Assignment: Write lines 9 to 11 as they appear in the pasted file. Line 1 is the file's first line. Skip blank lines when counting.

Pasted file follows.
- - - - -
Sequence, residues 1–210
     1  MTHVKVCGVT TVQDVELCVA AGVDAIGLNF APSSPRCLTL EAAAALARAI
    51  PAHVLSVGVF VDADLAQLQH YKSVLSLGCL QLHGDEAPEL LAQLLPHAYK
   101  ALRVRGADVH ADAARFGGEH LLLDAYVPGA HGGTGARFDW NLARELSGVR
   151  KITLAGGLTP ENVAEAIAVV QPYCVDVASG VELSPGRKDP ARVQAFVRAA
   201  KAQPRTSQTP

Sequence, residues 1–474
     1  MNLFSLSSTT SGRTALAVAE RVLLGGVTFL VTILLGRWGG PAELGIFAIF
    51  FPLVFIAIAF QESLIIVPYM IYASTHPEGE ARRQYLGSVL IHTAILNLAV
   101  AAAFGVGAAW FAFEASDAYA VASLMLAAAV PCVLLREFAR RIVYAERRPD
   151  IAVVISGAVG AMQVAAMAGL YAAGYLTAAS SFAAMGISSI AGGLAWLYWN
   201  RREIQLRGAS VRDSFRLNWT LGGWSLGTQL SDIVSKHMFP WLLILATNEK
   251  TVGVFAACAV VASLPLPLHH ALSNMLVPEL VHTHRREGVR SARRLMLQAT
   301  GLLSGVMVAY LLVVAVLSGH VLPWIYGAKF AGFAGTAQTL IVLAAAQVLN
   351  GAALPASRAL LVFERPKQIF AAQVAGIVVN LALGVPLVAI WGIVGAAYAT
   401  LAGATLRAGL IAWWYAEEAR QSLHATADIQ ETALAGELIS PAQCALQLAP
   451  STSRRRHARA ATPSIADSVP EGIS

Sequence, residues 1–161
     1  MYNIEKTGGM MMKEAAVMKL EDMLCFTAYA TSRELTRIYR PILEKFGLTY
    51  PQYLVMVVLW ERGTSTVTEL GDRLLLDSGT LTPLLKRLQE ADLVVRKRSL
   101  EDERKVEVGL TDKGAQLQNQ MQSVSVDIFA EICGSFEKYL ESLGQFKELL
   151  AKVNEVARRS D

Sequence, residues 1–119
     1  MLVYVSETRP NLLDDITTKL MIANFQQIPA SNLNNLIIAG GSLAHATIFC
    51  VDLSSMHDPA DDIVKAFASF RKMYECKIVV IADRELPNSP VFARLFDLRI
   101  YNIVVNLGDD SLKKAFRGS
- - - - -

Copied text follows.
    51  FPLVFIAIAF QESLIIVPYM IYASTHPEGE ARRQYLGSVL IHTAILNLAV
   101  AAAFGVGAAW FAFEASDAYA VASLMLAAAV PCVLLREFAR RIVYAERRPD
   151  IAVVISGAVG AMQVAAMAGL YAAGYLTAAS SFAAMGISSI AGGLAWLYWN